Epic Fail: How to Handle Mess ups at Work Like a Boss

Epic FailI totally messed up at work the other day. An epic fail.

Well, I messed up on one of my blogging gigs, which is still work for me. When I work with clients on sponsored posts, I have deadlines and deliverables. Posts have to be published, and they usually have to be shared on social media, too.

So the other day, I got an e-mail asking me why I hadn’t submitted my post links.

My heart sank, I got all sweaty, my heart started pounding, and I felt like a total loser because I forgot to write my post. That’s right, just totally forgot about it.

But you know what? It taught me something.

It obviously taught me that I need to freaking look at my assignment schedule, but it also taught me how to handle work mess ups like a total boss.

Here’s how you do that:

1. Apologize! Make Sure That it’s Clear That You Are Sorry

First of all, you have to be sorry. Like, really really sorry. You have to feel bad about it, and you have to make sure that your boss or your client or your customer knows that. So what did I do? I e-mailed my client and I started off my e-mail with how sorry I was.

2. Don’t Offer Excuses. Just Be Honest and Own up to Your Failure

I could have then continued to tell my client that I had a family emergency. I could have told her that my cat almost got hit by a car or that my nonexistent child was in the emergency room. I could have said that my computer erased all my files and that I’d been at the Apple store all morning. There are a million things I could have told her, some that she may actually have believed, but you know what I told her?

I told her that I was so sorry, it was  inexcusable and I don’t know how it happened, but I totally just forgot about it. Because that was the truth. I sucked. I failed. It was my fault. But you know what? That’s okay sometimes, and it’s definitely a lot better than playing the blame game. No one likes that game, and when you play it, you end up looking like an idiot.

3. Do Whatever You Can to Fix It

So once you’ve acknowledged that you messed up, do whatever you can to fix it. Ask the person you’re trying to reconcile with, “What can I do to fix this?” At the very least, it shows that you care enough to try to make things better, and most of the time, there IS stuff you can do to fix it. So in my case, I asked if I could still submit my post. I even offered to increase my social media amplification from 4 shares to 8 shares.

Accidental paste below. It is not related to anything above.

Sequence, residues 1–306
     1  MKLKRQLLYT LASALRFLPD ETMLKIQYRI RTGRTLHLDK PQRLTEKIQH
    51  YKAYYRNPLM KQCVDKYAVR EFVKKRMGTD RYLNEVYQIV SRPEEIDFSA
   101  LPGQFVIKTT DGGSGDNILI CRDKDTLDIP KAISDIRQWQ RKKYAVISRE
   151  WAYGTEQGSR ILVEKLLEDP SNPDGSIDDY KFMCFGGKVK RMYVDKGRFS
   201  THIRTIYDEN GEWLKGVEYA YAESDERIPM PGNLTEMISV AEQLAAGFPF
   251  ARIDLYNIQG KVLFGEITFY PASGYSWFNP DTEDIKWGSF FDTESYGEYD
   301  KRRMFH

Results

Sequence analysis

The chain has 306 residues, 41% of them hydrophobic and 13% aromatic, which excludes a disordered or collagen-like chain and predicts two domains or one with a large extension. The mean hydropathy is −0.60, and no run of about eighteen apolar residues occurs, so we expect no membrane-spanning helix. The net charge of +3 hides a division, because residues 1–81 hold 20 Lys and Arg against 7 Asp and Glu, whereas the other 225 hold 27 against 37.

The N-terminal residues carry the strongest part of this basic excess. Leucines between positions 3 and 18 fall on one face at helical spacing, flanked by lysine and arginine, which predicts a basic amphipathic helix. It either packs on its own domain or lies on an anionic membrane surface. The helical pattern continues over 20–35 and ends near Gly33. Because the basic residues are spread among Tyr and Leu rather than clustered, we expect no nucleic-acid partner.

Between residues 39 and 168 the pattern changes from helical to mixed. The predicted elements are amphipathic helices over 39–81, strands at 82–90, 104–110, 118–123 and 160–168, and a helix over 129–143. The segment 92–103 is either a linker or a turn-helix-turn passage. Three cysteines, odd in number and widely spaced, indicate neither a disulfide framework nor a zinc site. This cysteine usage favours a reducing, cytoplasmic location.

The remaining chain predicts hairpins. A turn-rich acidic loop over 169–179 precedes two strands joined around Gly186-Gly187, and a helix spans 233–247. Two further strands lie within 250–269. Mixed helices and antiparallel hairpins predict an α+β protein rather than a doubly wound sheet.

I didn’t just say “Sorry, bye.” Instead, I made an effort to remedy the situation.

4. Accept the Consequences of Your Mistakes

You screwed up. It happens. We’re human! And while sometimes there IS something you can do to fix it, other times you can’t. So even though I asked my client if I could still submit my post, I also told them that I fully understood if they didn’t need anymore. What would that mean, exactly? It would mean I lost some money. It would mean I very likely wouldn’t have the opportunity to work with them again in the future.

But if that happened, it was my own fault, so I’d have to accept that.

5. Learn from It and Don’t Let It Happen Again

I was lucky, and my client was super awesome, so you know what she told me? She told me they’d still accept it. Whewwww! I got lucky there! It really could have gone either way. But regardless, when you mess up at work, the important part is that you learn something, like I did, and you do everything you can to make sure it doesn’t happen again.

And that my friends is how you handle mistakes like a BOSS.

Has this kind of epic fail ever happened to you? Any other good advice on how to handle workplace mistakes? Let me know!


For this post, YouTern thanks our friends at Lost Gen Y Girl.





About the Author: Kayla Cruz graduated college at the age of 20 with a degree in Health Services Administration. She is currently working as a Regulatory Coordinator in Clinical Research while pursuing a Master’s Degree in Public Administration specializing in Human Resources. She has found she’s most passionate about helping young professionals navigate through their first few years as GenYers in the workforce. Follow Kayla on Twitter!



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